No matter what the event was or is or will be, each of us with Crohn's knows what it's like to be all set to go somewhere and do something...and not make it. A few years ago, I had tickets in my hand for a sold-out end-of-tour Kenny Chesney concert that our neighbor ended up using because the morning of the show I felt too miserable to brave the state fair traffic and parking on top of the concert crowd. My last major league baseball game was in August 2006 for our honeymoon; I've had arrangements fall through and even had tickets to three other games since then. Yesterday (1 June, Sunday), I was set to take my baby brother to Cincinnati to see his Atlanta Braves visit my Cincinnati Reds for an early 25th birthday present. You can probably tell where this blog is going.
Sure enough, about 2:00 AM Saturday night, I started to feel miserable. I finally drifted off around 4:00-4:30 AM and hoped it would clear up by morning. It didn't. Some of our friends and my wife's mom and step-dad were also part of the entourage, and my wife met with my in-laws for breakfast. By the time she got back, it was apparent I wasn't going to be up to the drive to the ballpark, the game and the return drive. Once I made it clear I wasn't going to chance it, she tried to bail, too, but eventually she gave in and went and, from what I was told afterward, had a great time.
When we ordered tickets, she spent at least a half an hour on the phone with the box office person to find us seats that not only would put the seven of us together, but were in a location that would allow me to quickly get up and to the restroom if needed. I have to say, from what I was told about the seats, the Cincinnati Reds' box office person did a great job finding us accomodating seats. My wife said that all they had to do to get to the restrooms was to, basically, walk down the steps into the concourse and hang a left (or was it a right?). I'm glad the seats didn't suck, because I would have felt even worse if everyone had been corralled into seats that sucked just because of me, especially since I ended up not even going.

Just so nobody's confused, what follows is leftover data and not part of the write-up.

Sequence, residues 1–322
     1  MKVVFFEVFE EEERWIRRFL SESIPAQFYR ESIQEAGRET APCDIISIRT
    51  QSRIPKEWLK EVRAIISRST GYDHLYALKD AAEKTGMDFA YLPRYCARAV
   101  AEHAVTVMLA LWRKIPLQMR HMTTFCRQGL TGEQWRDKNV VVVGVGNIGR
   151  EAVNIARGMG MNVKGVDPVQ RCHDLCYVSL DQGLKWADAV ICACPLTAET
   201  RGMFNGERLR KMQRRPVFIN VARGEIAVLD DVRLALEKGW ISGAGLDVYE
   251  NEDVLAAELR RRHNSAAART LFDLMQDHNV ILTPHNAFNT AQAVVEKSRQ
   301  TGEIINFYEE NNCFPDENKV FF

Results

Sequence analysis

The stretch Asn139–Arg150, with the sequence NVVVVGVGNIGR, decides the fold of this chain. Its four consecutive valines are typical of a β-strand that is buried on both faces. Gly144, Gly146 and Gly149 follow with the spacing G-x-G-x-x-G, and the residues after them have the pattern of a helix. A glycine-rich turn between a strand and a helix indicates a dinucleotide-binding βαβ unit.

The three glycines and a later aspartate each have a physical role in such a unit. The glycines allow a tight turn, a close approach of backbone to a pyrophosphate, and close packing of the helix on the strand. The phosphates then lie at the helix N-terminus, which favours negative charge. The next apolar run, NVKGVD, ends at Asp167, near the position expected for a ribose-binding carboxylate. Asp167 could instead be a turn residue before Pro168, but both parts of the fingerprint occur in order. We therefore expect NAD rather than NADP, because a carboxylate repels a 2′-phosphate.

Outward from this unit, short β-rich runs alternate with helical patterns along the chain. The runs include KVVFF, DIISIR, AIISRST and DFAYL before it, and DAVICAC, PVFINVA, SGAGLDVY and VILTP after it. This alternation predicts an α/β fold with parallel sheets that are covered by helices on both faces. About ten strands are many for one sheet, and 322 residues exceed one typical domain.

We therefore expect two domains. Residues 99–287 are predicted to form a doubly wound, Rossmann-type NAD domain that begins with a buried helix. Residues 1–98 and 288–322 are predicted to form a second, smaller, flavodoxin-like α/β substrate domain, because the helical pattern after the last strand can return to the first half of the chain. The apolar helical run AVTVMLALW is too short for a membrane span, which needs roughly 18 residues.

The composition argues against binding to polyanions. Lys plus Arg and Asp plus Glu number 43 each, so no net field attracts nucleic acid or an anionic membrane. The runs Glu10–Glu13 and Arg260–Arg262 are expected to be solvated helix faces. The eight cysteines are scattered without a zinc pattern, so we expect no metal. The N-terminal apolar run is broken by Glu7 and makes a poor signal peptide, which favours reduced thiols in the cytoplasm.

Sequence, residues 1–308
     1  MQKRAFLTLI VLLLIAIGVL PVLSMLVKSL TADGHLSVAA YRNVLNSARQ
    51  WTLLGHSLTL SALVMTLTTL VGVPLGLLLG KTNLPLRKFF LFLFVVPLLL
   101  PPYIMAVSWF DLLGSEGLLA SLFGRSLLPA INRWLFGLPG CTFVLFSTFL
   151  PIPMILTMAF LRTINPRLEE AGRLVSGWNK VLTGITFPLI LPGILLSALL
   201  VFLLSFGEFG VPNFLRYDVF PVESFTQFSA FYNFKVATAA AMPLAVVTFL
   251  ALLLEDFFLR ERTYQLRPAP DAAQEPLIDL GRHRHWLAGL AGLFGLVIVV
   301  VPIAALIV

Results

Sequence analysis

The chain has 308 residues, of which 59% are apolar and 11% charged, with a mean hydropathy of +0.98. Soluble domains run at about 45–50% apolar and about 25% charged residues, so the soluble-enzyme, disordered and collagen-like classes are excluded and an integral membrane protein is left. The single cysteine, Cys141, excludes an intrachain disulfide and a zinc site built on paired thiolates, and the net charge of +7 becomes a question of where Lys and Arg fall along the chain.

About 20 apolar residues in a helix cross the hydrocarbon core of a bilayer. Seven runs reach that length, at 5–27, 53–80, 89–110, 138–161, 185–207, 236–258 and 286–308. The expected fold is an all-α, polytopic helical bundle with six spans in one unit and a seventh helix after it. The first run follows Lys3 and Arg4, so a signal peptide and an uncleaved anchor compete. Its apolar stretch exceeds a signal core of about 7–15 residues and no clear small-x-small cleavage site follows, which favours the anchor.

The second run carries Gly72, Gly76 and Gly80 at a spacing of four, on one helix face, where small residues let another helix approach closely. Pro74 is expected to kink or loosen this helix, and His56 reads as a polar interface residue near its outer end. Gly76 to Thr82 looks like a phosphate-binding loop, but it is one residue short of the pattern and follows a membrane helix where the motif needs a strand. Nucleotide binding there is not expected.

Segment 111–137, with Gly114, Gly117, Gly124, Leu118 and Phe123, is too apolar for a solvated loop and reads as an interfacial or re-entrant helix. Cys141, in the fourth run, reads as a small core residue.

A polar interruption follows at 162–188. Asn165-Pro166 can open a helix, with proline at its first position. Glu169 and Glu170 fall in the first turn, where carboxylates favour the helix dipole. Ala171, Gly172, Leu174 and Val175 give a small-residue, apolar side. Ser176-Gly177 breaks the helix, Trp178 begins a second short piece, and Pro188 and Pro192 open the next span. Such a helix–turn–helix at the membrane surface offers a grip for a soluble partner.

About ten minutes after they left, it turned out I was right not to have gone with them; I spent most of the next hour in and out of the bathroom. It settled down around the time the game started, but about an hour later I was right back in there. I went in and the Reds had a 3-0 lead; I came back out and found out that Johnny Cueto had given up back-to-back jacks and put a runner on second. Fortunately, the Redlegs prevailed, but still...it's an eye-opener to realize you've spent so much time in the bathroom that two guys have homered and a third guy has made it to second base. Then, consider that I originally went to the bathroom at the end of the previous inning, with the Reds still at bat!Briefly, it appeared that Cueto was going to pitch at least a no-hitter (he was perfect through the first four and two-third innings of the game when he gave up a walk) and there was much hope that Ken Griffey, Jr. would hit career homerun number 600, becoming just the sixth player of all time to reach that milestone. Like my day, though, despite the hope and promise, neither was meant to be. Still, Cueto and Junior oughtn't complain; Cueto got the win and Junior will get another couple of cracks at 600 in Philadelphia tomorrow; I didn't even make it to the game. My brother celebrated his 25th birthday with two of my friends, my wife and my in-laws; I'm sure he had fun, but I'm also sure it was somewhat disappointing for him at the same time.
Am I blogging about this to invite you to my pity party? No, and I don't think I'm having one. This profile exists strictly to discuss the impact of Crohn's disease on my life, partly to give others insight into what it's like to live with this obnoxious, stupid disease and partly to let those of you who can relate to share your experiences and discuss our mutual frustrations. So, how about it: What was your most recent Was-Gonna-Do-It experience? Any suggestions on how to handle that particularly deflating feeling that goes with knowing your friends and family are all there, with an empty seat? Sure, no one ever says anything to you, and they know better than to question you when you spend the money to buy a ticket to something, but you know. You know the next time something like this comes up, you'll either take a pass outright (which sucks) or you'll fork over the cash...and wait to see where the ball in the roulette wheel in your terminal ilium lands.